Humans evolved to the rhythms of the natural light-dark cycle of day and night. The spread of artificial lighting means most of us no longer experience truly dark nights. Our bodies produce the hormone melatonin in response to circadian rhythm. Melatonin helps keep us healthy: It has antioxidant properties, induces sleep, boosts the immune system, lowers cholesterol, and helps the functioning of the thyroid, pancreas, ovaries, testes and adrenal glands. Night-time exposure to artificial light suppresses melatonin production. Research suggests that artificial light at night can negatively affect human health, increasing risks for obesity, depression, sleep disorders, diabetes, breast cancer and more.
An Israeli study used satellite photos to gauge the level of nighttime artificial light in 147 communities. The results showed a significant correlation between outdoor artificial light at night and breast cancer. Women living in neighborhoods where it was bright enough to read a book outside at midnight had a 73% higher risk of developing breast cancer than those residing in areas with the least outdoor artificial lighting.
The American Medical Association (AMA) officially supports light pollution reduction with a resolution approved on June 15, 2009:
RESOLVED That our AMA advocate that all future outdoor lighting be of energy efficient designs to reduce waste of energy and production of greenhouse gasses that result from this wasted energy use, and be it further
RESOLVED That our AMA develop and enact a policy that supports light pollution reduction efforts and glare reduction efforts at both the national and state levels; and be it further
RESOLVED That our AMA support that all future streetlights will be of a fully shielded design or similar non-glare design to improve the safety of our roadways for all, but especially vision impaired and older drivers.
Fear of increased crime is the most significant concern expressed by people when asked about reducing light pollution. It is commonly believed that nighttime lighting reduces crime, yet studies of crime conclude primarily that only our fear of crime is reduced. Although there is an overwhelming view that all-night lighting prevents crime, crime data do not show a strong relationship between lighting and crime rate.
Numerous investigations of the relationship of light and crime have been undertaken and are listed at http://amper.ped.muni.cz/light/crime/OLCpt2.htm and http://amper.ped.muni.cz/light/ctstarwchr/LiteLynx.htm#crime.
A test in West Sussex, UK showed crime went up in lit areas. In certain test areas, all-night lighting was installed; other areas were kept as control areas. West Sussex Police monitored the crime patterns for comparison with the previous year in both test and control areas and polled residents about their perceptions and the affects of the all-night lighting. Polling results confirmed people thought lighting prevents crime and most residents felt safer after the all-night lights were installed. Crime statistics, though, showed a 55% increase in crime in the test areas as compared to the control areas and to the county as a whole! West Sussex has subsequently decided against all-night lighting.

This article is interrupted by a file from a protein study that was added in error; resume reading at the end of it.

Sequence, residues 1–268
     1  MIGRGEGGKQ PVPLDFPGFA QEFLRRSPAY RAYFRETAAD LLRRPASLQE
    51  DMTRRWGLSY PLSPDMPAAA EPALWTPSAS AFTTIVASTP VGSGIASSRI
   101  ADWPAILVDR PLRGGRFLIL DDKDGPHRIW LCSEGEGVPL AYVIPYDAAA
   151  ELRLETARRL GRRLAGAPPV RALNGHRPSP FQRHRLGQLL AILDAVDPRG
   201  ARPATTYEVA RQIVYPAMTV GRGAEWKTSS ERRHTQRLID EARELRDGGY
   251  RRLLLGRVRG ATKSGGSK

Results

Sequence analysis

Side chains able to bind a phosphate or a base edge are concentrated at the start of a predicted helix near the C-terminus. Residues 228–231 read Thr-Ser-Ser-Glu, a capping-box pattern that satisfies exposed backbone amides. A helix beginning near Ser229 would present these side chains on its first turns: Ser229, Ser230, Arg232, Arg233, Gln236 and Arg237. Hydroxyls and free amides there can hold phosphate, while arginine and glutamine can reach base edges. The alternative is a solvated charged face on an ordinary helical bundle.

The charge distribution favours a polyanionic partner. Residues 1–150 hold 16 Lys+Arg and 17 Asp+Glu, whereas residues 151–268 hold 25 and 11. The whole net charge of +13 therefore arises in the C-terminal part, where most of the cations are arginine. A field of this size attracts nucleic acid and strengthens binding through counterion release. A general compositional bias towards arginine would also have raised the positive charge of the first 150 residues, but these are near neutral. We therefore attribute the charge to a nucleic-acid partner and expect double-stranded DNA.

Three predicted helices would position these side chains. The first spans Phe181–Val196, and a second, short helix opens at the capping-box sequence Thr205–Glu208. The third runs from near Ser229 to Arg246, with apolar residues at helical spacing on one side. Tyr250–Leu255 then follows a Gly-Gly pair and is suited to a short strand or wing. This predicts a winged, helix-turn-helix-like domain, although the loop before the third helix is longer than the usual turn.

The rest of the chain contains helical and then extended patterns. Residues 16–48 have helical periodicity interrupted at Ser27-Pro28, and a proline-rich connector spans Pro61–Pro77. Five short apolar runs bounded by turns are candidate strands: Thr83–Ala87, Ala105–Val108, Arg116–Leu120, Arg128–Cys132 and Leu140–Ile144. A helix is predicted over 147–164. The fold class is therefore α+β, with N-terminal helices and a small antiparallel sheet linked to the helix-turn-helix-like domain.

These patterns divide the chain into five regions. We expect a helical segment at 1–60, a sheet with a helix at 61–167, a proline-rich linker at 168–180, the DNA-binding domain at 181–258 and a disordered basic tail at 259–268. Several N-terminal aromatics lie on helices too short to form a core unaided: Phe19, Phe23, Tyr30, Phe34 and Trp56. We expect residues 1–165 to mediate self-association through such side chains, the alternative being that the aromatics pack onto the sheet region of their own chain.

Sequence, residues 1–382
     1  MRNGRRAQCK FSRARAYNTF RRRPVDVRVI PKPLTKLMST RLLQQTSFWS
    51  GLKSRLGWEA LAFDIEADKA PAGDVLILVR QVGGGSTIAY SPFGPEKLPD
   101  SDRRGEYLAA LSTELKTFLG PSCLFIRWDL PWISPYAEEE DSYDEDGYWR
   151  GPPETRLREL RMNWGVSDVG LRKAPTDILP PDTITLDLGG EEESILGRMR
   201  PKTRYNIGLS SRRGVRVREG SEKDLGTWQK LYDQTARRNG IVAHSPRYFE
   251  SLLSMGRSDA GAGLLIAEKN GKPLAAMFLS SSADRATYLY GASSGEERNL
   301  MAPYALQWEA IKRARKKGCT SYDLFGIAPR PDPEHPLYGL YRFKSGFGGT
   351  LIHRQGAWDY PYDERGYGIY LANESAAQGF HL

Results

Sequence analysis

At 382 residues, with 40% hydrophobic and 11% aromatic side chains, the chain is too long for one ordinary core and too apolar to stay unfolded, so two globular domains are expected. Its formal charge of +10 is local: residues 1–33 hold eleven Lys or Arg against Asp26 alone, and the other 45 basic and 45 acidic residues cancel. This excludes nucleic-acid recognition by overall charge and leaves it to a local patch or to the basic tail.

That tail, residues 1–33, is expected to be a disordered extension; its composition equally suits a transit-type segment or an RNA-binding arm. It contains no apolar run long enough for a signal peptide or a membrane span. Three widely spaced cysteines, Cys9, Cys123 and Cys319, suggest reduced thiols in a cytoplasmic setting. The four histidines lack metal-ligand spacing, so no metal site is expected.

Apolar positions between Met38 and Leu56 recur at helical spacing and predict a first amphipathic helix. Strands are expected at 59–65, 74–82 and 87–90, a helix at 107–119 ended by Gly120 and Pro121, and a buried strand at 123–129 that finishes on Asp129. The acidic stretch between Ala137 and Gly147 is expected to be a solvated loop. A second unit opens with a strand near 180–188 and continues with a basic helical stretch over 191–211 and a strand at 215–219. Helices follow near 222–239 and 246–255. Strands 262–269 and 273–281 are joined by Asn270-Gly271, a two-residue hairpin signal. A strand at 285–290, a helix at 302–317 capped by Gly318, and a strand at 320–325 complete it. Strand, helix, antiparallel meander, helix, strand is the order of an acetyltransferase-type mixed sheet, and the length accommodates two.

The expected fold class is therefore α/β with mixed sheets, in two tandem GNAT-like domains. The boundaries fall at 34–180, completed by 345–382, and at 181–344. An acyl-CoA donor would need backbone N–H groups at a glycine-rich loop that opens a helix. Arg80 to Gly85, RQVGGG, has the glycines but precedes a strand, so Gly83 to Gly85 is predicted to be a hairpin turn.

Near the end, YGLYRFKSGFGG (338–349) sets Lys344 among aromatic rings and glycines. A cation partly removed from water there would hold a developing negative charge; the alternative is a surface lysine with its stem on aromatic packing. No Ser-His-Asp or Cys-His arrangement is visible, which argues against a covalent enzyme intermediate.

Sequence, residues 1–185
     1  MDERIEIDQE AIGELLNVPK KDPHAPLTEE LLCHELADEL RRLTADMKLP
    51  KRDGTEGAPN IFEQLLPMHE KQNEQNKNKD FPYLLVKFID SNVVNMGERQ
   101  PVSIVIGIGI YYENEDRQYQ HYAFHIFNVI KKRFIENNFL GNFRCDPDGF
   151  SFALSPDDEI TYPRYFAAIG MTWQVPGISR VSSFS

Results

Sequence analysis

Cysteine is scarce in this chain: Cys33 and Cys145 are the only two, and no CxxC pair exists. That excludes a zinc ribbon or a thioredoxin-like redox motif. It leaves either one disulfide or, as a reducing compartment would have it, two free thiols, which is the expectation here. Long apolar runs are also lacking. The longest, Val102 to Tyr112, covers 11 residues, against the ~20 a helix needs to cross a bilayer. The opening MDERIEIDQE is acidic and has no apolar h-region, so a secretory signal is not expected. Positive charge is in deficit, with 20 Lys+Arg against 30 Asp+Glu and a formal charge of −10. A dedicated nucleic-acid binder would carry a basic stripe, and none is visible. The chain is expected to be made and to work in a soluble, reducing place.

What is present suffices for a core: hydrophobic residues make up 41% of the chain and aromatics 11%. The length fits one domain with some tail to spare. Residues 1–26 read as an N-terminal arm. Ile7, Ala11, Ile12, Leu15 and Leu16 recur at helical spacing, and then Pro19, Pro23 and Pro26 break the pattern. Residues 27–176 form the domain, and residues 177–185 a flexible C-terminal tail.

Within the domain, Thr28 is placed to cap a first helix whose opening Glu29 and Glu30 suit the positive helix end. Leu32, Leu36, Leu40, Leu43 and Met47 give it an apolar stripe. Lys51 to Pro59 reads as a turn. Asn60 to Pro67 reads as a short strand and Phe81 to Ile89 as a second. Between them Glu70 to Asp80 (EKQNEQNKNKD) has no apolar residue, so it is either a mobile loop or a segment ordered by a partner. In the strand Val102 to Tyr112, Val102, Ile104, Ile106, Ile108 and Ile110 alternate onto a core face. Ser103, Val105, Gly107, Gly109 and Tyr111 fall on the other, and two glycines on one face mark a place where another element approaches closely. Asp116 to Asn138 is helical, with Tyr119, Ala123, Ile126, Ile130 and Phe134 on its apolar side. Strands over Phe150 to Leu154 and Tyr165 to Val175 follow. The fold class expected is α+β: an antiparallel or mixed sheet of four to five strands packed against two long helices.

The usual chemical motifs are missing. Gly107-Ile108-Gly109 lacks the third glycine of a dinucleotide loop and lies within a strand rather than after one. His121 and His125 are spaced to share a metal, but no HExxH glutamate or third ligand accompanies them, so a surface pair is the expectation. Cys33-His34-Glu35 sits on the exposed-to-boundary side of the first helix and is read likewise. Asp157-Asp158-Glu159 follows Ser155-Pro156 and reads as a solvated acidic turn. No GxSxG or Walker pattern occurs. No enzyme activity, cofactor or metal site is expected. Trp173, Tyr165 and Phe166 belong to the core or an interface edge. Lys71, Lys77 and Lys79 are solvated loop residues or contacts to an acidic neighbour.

The United States of America wastes $130,000,000,000 a year on energy. Whether from inefficient light bulbs, unshielded lighting or vampire electronics, energy sources need improvement. So what small items can I procure to help save me money? High quality CCFL lightbulbs or appropriate LED lighting paired with the proper shielding, by directing the light downwards, allows a lower wattage bulb to emit the same amount of lumens as a bulb without the shielding. By directing the light downwards, consumers and businesses alike, can begin to waste less energy and eradicate light pollution.
Plants and animal depend on Earth’s daily light and dark cycle to govern life-substaning behaviours. Research shows that artificial light at night has negative and even deadly effects on many species. The dark side of light at night is a great article on the effects of light pollution has on the ecology.
Light pollution negatively affects one of our greatest natural laboratories, the night skies. Light pollution sets the sky aglow, in much the same way that the sun sets the sky aglow during the day. The increase in sky glow caused by cities is enough to make it difficult to see dim objects in the sky. When astronomers try to take a picture of a very dim object, sometimes the glow from the sky is too bright to ever see the object clearly.
A second way city lights interfere with astronomy is much more insidious. Often, astronomers want to take the spectra of an object, splitting the light from the telescope into its component colours. When you take a spectrum of fluorescing objects like galaxies, you see that the spectrum is not smooth, but made up of a number of lines. Each line is a unique indicator of the presence of a certain chemical. By studying the strengths of these lines, astronomers can deduce the chemical composition and temperatures of the objects they observe. By noting the redshift of the lines (how far to the red side of the spectrum they are shifted), astronomers can determine how fast the object is moving. Spectroscopy is probably the most valuable tool in the astronomers’ toolbox. Unfortunately, city lights play havoc with spectrographs.